Hume’s Problem Of Induction
In A Treatise of Human Nature, Hume challenges the traditional theories of causality, the idea that one can make an observation about two events and infer a new claim concerning the conjunction of the first event and the “resulting” second event. Instead of accepting this notion of causality, Hume questions the certainty of matters of fact and more specifically induction. Hume states there are two distinct types of knowledge: relations of ideas and matters of fact. Relations of ideas are products of deductive, truth-preserving inferences. For instance, the statement 2+2=4 will always be true and cannot be negated without contradiction. Hume denotes relations of ideas as ‘a priori’ , ideas that can be known without experience. On the other hand, matters of fact are products of inductive reasoning that can be negated with contradiction because they may only be known through experience. Hume reckons that experience doesn’t prove very much because the future cannot be proven by the past. Even though we have seen something over and over again, doesn’t mean that it will happen tomorrow or the next day after that. For instance, one could conclude the sun will rise tomorrow morning based on the observation that it has risen every morning of our existence. Yet, this relationship between the morning and the sun rising “leaves not the lowest degree of evidence in any proposition” (Hume 267) that goes beyond our present observations and memory. In essence, cause and effect is no more than ones meaningless habit of association. We have no rational basis for believing that the sun will rise, yet we choose to believe it.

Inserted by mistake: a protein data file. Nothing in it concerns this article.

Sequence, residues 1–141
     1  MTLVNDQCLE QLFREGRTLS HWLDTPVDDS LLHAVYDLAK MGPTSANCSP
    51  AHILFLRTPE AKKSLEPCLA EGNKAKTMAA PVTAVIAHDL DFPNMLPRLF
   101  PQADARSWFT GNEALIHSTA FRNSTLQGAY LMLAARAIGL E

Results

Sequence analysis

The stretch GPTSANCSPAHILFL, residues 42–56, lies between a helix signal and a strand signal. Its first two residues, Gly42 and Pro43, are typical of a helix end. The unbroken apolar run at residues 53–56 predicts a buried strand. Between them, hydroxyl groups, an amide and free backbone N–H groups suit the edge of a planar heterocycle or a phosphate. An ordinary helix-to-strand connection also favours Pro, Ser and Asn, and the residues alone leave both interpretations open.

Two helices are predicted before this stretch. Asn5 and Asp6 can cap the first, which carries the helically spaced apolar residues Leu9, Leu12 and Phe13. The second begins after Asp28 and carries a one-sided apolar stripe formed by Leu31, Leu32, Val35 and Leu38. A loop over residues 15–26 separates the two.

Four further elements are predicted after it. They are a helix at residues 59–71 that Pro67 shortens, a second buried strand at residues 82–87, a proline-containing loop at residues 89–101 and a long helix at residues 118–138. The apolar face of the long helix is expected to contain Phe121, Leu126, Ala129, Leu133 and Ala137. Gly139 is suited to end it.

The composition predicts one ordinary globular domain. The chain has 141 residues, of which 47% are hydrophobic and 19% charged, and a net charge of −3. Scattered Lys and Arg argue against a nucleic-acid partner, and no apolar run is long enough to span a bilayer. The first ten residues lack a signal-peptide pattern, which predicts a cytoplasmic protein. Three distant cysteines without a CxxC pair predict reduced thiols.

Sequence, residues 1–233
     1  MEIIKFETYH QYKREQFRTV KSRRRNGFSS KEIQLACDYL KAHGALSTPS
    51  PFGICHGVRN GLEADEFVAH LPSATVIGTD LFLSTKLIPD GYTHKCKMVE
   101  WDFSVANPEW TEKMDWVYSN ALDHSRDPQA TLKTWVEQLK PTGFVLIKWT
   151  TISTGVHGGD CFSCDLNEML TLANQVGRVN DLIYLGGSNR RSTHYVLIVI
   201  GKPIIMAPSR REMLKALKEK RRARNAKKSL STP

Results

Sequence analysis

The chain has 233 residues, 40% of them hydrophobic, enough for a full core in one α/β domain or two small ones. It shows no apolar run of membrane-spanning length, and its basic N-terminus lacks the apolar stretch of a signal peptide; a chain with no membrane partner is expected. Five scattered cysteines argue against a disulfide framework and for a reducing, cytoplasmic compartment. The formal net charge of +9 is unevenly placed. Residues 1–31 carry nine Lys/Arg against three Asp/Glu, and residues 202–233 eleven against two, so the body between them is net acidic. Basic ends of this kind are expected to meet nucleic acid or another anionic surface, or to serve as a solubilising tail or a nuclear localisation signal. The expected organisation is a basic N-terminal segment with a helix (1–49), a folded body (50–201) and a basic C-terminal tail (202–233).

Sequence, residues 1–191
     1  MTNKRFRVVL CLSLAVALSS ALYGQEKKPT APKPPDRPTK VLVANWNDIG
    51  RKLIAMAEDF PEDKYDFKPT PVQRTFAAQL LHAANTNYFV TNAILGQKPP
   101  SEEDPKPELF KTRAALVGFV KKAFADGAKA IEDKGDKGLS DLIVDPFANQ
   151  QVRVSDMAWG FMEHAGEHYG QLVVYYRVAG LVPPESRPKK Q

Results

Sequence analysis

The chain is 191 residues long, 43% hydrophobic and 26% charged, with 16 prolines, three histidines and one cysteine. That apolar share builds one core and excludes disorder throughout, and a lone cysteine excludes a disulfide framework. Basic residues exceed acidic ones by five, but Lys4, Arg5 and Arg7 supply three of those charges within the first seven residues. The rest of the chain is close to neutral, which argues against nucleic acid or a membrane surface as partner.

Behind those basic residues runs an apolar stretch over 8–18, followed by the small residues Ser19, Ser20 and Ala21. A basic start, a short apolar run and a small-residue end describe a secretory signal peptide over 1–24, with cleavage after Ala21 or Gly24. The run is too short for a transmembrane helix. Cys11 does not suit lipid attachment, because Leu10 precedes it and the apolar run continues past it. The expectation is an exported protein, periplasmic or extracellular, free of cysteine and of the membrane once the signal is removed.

In response to his problem of induction, Hume poses a skeptical solution indulging upon habits and beliefs. He recognizes that there is no exact solution to address the problem of induction because as human beings, when we observe the constant conjunction of two events occurring repetitively, we habitually grow accustom to...
Please join StudyMode to read the full document